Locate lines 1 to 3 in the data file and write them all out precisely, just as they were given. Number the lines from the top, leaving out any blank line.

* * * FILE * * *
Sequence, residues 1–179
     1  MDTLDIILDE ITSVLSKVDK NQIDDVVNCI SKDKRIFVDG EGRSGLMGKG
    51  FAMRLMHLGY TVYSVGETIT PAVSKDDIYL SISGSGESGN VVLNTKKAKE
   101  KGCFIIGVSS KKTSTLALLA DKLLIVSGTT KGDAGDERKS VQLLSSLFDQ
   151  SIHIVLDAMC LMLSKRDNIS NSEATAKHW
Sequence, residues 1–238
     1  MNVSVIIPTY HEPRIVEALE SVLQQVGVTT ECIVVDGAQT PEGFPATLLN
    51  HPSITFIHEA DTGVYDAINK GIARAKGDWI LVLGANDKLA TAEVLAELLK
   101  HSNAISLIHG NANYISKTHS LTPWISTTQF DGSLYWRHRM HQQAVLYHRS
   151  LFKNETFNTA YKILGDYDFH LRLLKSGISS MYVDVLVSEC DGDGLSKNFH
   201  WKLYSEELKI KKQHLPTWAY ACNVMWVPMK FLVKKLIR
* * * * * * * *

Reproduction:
Sequence, residues 1–179
     1  MDTLDIILDE ITSVLSKVDK NQIDDVVNCI SKDKRIFVDG EGRSGLMGKG
    51  FAMRLMHLGY TVYSVGETIT PAVSKDDIYL SISGSGESGN VVLNTKKAKE